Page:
Democratizing Information: The Rise of The Young Leader, Online Information, and Power

I recently finished Malcolm Gladwell’s somewhat oldish book, Outliers, which made me think.  It wasn’t anything I hadn’t thought of before, but at least it made me feel less crazy.

The premise (gross paraphrasing going on here): People are successful/rich/whatever because of their environment, and NOT necessarily because they were super special (i.e. it takes a certain level of intelligence/hard work to be successful, but just because you have those pre requisites it does not mean you will make it to Bill Gates status)

That being said, I was thinking about why you have this massive wave of young people leading things.  I think its directly linked to the internet and the availability of information.

From personal experience, I know that whenever I have any business problem, I either a) shoot a mentor an email to schedule a call/skype session/answer it over email or b) buy an ebook about it and download it to my iPad.  Guess what: 99% of the time, it solves my problem.

When I attended the Clinton Global Initiative, I was at a session which featured a 15 year old panelist who basically changed the way we treated Cancer.  What did he site as the reason he was able to do what he’s done?  That’s right: Google (I kid you not he literally said he self taught/read journal papers off the internet)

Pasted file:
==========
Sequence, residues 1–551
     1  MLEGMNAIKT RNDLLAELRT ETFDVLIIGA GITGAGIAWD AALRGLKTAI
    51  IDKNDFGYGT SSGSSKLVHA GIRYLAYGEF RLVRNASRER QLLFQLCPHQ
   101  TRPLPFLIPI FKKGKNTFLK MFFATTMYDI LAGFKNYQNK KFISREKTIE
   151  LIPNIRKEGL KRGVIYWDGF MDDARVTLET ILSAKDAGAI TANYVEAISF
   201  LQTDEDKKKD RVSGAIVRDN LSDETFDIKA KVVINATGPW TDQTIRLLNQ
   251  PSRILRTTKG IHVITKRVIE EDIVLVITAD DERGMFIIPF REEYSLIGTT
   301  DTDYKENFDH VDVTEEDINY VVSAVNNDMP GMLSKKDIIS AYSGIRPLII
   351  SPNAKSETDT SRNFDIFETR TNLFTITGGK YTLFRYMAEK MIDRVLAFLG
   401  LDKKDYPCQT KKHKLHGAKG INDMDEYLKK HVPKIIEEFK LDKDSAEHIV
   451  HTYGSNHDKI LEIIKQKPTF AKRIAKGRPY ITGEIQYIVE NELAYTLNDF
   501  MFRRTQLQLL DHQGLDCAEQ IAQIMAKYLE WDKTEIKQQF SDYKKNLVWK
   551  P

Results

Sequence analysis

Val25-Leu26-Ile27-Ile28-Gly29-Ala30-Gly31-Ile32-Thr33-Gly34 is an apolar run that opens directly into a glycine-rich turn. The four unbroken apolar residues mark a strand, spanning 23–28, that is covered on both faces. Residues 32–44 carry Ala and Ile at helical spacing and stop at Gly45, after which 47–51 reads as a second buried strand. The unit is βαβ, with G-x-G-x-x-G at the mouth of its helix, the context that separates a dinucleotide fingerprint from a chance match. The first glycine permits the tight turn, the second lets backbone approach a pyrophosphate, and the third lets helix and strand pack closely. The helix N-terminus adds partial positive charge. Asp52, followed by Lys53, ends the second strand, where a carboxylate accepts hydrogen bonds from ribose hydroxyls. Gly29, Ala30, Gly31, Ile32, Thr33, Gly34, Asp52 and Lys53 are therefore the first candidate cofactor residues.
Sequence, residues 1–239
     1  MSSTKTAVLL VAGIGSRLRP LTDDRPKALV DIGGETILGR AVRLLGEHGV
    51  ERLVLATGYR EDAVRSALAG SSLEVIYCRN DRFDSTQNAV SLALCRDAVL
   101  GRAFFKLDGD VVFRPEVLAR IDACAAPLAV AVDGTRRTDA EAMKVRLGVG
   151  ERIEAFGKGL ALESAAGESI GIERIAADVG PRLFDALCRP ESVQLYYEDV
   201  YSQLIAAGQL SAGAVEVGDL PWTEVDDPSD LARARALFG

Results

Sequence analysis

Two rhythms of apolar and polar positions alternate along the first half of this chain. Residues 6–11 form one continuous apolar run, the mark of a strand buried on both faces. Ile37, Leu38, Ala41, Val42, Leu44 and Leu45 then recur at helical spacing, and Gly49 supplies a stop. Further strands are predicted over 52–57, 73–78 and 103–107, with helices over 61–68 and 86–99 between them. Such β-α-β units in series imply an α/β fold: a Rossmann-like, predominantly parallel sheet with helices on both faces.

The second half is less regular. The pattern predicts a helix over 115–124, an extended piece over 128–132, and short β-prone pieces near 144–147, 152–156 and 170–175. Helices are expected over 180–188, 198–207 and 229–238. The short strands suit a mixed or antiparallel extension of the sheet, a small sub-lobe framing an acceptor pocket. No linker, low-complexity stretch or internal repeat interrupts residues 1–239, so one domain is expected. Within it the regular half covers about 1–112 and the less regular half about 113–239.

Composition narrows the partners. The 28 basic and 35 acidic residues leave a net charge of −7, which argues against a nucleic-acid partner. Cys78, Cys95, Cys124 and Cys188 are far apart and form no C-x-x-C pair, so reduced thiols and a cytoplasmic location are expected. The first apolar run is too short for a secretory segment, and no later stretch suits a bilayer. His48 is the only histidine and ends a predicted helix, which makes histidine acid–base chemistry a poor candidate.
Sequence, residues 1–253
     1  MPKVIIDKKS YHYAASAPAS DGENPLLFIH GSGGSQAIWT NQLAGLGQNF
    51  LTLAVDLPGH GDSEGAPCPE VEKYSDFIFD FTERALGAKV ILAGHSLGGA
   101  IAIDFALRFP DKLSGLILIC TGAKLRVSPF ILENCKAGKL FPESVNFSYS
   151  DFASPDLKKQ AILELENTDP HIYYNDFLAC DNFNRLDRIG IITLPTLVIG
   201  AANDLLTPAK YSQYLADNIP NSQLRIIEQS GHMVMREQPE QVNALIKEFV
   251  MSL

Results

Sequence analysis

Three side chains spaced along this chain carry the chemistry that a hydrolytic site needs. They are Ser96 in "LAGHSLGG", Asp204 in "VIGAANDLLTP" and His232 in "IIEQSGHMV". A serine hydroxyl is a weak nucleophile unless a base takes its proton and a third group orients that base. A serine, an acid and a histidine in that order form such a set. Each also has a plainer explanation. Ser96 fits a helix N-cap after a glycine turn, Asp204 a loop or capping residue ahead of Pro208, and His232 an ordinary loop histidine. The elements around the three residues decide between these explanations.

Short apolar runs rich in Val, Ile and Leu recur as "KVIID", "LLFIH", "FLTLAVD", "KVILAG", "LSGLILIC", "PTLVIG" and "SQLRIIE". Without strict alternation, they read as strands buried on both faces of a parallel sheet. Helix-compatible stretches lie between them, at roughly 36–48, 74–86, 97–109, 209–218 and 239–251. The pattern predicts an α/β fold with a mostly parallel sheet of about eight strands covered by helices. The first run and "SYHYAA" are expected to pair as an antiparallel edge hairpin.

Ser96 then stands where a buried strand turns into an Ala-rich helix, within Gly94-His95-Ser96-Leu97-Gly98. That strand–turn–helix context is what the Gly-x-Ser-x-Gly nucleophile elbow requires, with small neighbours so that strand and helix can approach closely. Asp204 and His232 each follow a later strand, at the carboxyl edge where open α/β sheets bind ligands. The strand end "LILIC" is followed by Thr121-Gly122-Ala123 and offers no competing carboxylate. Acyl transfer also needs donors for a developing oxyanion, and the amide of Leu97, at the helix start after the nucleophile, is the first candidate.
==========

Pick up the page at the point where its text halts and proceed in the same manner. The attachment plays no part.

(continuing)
Disruptions in academia/online education are already receiving huge VC attention: Coursera and Udacity are ones that come to mind (raising $16M and $15M from Venture Capitalists respectively to date).  Imagine never having to go to a University again and pay that $20K-$50K/year sticker price.  Crazy right?

Is information power? I think it is.  Which is why not having the internet is kind of a big deal.  Who doesn’t have the internet?   According to Google, India has less than 10% internet penetration- which is why they’ve partnered with INK to do something about it.  Pretty neat-no?  My house in Hubli SOMETIMES gets internet, which is why I”m hoping they’re going to get on that whole getting everyone internet ASAP.  HUGE difference between my online experience/productivity in Bangalore/Mumbai (huge happy face) with that of Hubli (big crocodile tears stream down the cheeks face)

Personally, I think places like India are going to skip over personal computers and go straight to internet on a mobile device, but we’ll have to wait and see if that’s true.  Cellular penetration is ridiculous- hopefully they can piggyback broadband on there as well at some point.

At the end of the day, I’m no academic, and if you have some strong reasons why you don’t think the internet is one of the best things that have happened to society, power to you.  But I think it would be very hard to dispute the fact that the internet/mobile/personal computer  phenomenon is a game changer.

And sometimes, when you’re feeling pretty…blah…about life, it’s pretty amazing to look up and realize that you are in the midst of a revolution.

Of epic proportions.

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